Global warming is such a massive, existential crisis that it can be overwhelming to try and contemplate just how much damage we've already done to our environment, not to mention how much we will see in the future. Because of this, I find examples like the following useful.
Jeff Spross at Think Progress reports on a study from Kansas State University which found that if temperature rise of just one degree Celsius of warming will cut wheat yields by 20 percent. And climate models predict we're on pace to see more than three times that much warming by the end of the century.
Spross puts the study in context:
On climate change specifically, the researchers found that a one degree Celsius increase in temperatures for the area would cut wheat yields by 10.64 bushels per acre. Since the mean yield for 1985 to 2011 was 50.59 bushels per acre, that comes out to a 21 percent decrease. And three degrees of warming would cut yields by 32.36 bushels per acre, or a whopping 64 percent.
But you get the gist: by 2080, global warming could reduce Kansas’ wheat yield by as much as two thirds. And that’s the optimistic scenario.
Alright! So, that's not good. But as dire as these findings are, isn't it (oddly) comforting to know more specifics about what global warming will do, instead of just having a general sense of future doom?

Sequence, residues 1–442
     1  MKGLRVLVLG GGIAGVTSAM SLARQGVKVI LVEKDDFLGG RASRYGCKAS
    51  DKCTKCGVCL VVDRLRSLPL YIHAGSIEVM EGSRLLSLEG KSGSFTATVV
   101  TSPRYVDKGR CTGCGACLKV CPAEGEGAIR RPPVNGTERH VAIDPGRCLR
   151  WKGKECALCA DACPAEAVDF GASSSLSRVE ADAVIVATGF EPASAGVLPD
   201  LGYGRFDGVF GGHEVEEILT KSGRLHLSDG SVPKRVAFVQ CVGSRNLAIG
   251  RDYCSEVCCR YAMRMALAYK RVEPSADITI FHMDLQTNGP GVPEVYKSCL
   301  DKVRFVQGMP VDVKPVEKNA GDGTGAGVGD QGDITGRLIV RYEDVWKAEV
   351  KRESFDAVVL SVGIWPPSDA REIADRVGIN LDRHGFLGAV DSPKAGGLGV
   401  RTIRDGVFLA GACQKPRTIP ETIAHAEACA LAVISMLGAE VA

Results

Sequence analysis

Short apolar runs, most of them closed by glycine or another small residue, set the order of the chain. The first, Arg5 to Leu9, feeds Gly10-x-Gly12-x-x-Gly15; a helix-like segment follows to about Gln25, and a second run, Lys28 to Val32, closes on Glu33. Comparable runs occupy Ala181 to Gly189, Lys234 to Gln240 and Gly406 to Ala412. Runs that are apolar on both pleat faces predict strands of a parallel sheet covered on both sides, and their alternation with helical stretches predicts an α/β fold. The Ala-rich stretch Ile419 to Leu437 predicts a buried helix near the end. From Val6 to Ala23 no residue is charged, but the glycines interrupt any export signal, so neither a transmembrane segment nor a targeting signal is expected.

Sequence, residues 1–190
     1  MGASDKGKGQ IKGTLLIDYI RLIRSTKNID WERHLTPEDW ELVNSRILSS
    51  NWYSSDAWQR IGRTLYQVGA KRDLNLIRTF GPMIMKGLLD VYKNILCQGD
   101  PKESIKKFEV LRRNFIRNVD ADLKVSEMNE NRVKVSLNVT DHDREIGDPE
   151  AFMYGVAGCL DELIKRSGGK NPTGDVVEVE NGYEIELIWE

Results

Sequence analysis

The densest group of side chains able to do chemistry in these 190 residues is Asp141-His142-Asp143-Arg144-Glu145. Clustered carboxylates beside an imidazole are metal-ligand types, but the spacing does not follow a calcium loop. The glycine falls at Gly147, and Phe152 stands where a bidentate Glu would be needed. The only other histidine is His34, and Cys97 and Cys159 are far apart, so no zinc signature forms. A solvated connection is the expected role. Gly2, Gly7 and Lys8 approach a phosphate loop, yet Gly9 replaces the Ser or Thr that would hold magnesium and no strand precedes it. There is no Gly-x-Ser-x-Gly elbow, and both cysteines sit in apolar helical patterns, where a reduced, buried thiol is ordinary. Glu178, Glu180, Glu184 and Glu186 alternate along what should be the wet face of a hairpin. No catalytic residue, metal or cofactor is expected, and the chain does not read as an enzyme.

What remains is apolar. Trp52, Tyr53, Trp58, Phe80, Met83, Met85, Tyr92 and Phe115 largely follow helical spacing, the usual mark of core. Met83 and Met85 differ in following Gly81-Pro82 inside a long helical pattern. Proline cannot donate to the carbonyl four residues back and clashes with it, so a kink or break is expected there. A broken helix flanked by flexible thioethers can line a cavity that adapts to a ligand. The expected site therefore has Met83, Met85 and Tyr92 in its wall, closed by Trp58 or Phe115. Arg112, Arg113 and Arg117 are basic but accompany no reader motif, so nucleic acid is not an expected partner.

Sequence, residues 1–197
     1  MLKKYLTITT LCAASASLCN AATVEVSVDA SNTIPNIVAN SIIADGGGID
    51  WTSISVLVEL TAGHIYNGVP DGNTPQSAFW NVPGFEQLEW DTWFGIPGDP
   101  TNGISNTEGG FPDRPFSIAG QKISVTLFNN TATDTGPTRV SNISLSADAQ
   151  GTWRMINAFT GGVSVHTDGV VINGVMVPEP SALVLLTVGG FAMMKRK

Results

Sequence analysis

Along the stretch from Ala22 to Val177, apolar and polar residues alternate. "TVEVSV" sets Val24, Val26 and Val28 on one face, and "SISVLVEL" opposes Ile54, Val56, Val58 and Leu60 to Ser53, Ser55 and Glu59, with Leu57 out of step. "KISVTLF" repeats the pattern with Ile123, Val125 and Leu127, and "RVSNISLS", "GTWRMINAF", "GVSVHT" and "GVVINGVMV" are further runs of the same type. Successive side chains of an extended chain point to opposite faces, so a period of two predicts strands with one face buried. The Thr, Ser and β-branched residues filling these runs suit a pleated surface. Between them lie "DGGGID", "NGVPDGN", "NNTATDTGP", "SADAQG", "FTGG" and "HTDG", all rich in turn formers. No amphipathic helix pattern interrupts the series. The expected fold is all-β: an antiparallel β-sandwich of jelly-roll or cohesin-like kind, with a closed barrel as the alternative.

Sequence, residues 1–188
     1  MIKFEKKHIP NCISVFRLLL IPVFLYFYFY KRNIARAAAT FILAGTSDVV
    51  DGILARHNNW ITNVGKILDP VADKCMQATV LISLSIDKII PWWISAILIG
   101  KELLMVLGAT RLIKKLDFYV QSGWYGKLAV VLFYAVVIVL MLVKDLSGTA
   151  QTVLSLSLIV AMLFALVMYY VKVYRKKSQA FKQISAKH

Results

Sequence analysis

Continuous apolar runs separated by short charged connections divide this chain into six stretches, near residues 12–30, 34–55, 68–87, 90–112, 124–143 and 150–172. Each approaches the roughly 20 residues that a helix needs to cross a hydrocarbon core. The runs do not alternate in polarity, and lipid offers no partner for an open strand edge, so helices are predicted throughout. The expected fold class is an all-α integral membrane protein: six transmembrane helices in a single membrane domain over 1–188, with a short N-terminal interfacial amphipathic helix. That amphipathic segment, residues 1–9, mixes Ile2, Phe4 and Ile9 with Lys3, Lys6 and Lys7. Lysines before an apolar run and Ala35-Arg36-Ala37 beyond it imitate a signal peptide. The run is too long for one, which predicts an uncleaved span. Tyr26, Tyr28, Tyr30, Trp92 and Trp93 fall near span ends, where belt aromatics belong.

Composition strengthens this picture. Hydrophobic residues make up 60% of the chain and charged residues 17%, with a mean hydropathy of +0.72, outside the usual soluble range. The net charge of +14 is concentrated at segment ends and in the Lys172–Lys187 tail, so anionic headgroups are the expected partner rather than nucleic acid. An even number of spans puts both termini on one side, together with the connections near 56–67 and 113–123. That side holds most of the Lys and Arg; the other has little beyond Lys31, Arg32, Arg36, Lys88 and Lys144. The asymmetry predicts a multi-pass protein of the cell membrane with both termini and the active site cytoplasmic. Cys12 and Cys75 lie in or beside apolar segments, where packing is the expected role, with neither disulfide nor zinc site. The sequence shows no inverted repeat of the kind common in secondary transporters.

I got to thinking of this after reading Sami Grover's thoughtful post yesterday about the roles love and grief can play in inspiring environmental conservation.
As anyone who has ever loved and lost knows, the almost inevitable flip-side of love is grief. Until we start to truly grieve for the devastating losses we see all around us, I find it hard to imagine how we'll create the kind of cultural shifts we need.
Yet I am painfully aware that we are emotional creatures. And we form emotional relationships not just with each other, but with the world around us. (We even form emotional connections to our bloody iPhones!) So it's incumbent upon all of us who give a damn about sustainability to get to grips with what this crisis we are facing really means - and that means opening ourselves up to a whole world of hurt.
I think this is a smart observation.
I've spent most of my life in Kansas and Arkansas, so hearing about the Mayflower, Arkansas oil spill or the potential damage a factory hog farm may do to the Buffalo River or now how devastating global warming could be to farmers in Kansas, it makes these environmental crises hit literally closer to home. And as Sami notes, this makes it easier for me to recognize what we have to lose.